Qtum, the UTXO smart contracts blockchain, has released a new white paper and also announced that it is working with PwC in Asia. Qtum (pronounced Quantum) uses the Unspent transaction Output (UTXO) design of Bitcoin and connects that with the Ethereum Virtual Machine (EVM) which stores and executes business rules as code on the blockchain.

Qtum's co-founder Patrick Dei says he has addressed the complexity involved in combining an unspent transactions model with a virtual machine by creating the Qtum Account Abstraction Layer (AAL). Qtum's proof of stake consensus system includes a kind of "adapter" which can build the state of each UTXO and through the new layer, and adapt it so the EVM can process the UTXO-based contract.

The paper titled, Smart-Contract Value-Transfer Protocols on a Distributed Mobile Application Platform, was authored by the co-founders of the Qtum project, Patrick Dai, Neil Mahi, Jordan Earls and the project's scientific adviser Dr Alex Norta.

Qtum's UTXO-based blockchain supports the SPV (Simple Payment Verification) protocol from launch, which will allow "lite" wallets, running on mobile devices, to engage natively with decentralised applications and smart contracts for the first time. This feature also allows IoT devices to be secured and operated with smart contracts, said a statement.

Lite wallets allow users to interact with the network without having to download and sync with the entire blockchain, enabling low bandwidth/storage access to smart contracts. With SPV support, transactions can be signed by the device itself rather than having to rely on third-party services to relay messages.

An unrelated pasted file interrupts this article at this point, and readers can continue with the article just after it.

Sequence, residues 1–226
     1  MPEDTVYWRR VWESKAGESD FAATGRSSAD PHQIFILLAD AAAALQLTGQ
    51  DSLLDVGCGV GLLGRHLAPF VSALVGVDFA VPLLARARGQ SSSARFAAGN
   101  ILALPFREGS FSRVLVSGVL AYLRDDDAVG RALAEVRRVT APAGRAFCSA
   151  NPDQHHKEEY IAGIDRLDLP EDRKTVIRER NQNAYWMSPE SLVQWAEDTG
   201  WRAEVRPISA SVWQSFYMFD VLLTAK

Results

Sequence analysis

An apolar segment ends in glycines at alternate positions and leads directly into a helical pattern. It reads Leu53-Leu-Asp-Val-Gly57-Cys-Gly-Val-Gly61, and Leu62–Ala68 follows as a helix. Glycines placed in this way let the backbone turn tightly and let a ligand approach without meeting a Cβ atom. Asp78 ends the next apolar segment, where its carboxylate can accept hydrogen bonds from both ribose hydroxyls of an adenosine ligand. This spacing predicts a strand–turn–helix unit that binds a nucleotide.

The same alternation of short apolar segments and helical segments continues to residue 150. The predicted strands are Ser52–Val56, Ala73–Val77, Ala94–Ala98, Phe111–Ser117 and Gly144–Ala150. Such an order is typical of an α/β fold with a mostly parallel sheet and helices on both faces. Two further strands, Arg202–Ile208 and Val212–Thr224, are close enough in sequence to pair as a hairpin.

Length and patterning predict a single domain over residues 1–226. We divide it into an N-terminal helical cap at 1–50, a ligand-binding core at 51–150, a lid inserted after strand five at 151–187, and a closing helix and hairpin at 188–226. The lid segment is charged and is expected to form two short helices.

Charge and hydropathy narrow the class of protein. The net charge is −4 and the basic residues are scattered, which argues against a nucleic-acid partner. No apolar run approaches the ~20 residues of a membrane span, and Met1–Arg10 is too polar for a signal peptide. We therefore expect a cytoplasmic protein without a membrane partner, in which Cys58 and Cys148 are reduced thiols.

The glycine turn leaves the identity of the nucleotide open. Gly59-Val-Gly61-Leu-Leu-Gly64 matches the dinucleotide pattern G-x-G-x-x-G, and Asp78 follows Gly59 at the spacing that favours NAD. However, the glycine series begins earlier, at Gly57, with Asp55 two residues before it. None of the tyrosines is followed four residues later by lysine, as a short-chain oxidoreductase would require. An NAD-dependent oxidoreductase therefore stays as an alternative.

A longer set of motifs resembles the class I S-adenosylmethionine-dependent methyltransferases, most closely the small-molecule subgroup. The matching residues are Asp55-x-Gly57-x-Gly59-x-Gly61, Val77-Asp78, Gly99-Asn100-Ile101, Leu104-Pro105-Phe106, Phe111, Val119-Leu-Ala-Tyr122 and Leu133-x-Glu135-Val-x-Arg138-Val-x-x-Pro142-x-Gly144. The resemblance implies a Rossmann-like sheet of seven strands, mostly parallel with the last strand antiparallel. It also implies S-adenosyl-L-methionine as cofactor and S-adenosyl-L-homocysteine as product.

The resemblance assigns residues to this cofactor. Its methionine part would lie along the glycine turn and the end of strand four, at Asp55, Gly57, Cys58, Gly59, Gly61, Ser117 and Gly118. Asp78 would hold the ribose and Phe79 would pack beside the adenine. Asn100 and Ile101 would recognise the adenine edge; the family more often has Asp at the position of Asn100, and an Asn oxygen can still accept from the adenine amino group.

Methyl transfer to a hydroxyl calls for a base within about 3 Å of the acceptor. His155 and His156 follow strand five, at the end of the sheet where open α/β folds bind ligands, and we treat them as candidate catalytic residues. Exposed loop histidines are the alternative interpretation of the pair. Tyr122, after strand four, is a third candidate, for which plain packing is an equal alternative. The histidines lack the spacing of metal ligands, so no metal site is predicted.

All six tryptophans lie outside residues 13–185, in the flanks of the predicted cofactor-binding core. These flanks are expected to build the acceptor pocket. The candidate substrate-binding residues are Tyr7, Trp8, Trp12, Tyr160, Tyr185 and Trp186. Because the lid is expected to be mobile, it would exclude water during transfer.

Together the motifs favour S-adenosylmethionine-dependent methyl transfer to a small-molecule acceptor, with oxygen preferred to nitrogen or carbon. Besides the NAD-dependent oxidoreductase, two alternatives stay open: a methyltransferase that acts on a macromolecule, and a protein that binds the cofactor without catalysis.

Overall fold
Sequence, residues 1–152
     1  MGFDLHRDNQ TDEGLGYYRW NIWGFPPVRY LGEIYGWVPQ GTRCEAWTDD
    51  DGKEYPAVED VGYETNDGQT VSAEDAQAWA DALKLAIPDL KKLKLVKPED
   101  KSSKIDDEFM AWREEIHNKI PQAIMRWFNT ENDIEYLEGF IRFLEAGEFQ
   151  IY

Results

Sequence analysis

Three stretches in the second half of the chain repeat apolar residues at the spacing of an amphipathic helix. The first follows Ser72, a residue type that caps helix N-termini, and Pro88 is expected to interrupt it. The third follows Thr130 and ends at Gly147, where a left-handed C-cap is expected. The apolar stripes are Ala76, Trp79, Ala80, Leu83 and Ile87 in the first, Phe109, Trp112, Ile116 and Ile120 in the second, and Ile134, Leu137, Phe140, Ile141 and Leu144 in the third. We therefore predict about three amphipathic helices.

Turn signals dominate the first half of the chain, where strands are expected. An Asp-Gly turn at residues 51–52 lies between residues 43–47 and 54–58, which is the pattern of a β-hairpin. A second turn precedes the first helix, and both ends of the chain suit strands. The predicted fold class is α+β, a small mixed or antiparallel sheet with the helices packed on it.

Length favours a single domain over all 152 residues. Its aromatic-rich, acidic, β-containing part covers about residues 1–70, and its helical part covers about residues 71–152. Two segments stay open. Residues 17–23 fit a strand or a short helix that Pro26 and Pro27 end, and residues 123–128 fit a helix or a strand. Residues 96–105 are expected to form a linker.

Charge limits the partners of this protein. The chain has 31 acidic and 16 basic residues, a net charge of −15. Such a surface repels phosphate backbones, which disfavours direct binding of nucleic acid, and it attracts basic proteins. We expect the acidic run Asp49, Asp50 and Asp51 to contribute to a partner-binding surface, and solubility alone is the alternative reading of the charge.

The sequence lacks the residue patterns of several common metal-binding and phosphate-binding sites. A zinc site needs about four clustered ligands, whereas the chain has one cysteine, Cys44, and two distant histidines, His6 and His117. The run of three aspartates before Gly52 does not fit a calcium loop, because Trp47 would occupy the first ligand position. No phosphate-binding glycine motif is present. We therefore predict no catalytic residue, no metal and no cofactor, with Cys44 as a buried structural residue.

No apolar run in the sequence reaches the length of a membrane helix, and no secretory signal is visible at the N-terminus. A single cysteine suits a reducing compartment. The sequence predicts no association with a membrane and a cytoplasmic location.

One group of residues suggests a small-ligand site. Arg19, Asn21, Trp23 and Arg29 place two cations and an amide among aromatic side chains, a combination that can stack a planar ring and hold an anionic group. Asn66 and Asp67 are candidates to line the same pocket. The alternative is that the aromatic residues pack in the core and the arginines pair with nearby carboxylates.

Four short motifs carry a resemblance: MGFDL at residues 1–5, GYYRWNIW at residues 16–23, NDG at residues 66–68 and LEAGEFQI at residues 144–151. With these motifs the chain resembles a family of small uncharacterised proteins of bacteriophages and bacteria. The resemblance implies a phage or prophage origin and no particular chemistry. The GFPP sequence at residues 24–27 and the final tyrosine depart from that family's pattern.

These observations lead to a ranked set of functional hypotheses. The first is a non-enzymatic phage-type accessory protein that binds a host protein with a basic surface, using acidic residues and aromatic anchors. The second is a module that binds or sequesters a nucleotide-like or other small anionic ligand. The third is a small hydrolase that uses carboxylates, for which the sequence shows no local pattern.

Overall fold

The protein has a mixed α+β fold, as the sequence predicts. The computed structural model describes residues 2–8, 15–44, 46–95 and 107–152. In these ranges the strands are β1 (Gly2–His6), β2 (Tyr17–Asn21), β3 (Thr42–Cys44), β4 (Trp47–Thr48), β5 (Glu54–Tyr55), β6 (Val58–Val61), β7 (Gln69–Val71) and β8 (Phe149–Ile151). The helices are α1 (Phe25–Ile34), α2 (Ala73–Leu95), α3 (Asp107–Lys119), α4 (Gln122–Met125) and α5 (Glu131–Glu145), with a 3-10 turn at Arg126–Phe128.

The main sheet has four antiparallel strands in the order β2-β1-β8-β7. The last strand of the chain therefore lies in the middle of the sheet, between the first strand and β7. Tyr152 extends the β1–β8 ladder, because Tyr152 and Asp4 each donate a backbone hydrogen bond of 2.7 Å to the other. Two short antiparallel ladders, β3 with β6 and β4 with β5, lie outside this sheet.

Dai said: "Getting smart contracts to work on smartphones and tablets heralds a new age in the field of decentralised computation. With about half of all internet traffic being generated by mobile devices, every real-world use case for decentralised applications would massively benefit from mobile support – especially if we're taking the tendencies of developing markets into account."

Norta said: "This white paper fills the gap in the state of the art by presenting the Qtum smart-contract framework that aims for socio technical application suitability, the adoption of formal-semantics language expressiveness, and the provision of smart-contract template libraries for rapid best-practice industry deployment."

The white paper also addresses concerns raised by the Ethereum DAO attack, noted Dai, by allowing contract collaboration, negotiation, review, and tracking. A Smart contract life cycle management system enables contracts to be more like living documents and when situations changes, (i.e. terms are broken in the contract, such as a delay) parties can determine if they want to amend or close the contract.

Earls added: "Qtum aims to revolutionise business processes and the way that businesses interact with their customers by making smart contract technology mobile and practical. The SPV protocol allows smart contracts to move from servers and laptops, into IoT and mobile devices."

CY Cheung, fintech and cybersecurity partner of PwC China, posted a blog about the agreement with Qtum, and added: "PwC sees enormous potential for blockchain to revolutionise business practices as we know them, and the firm has made great efforts in developing strategic and technical capabilities to adapt existing products and services for the new technology. We are excited to get involved in the era of innovation and help companies capture the opportunities and benefits brought by the new technology. Working with the Qtum Foundation aligns with our goal."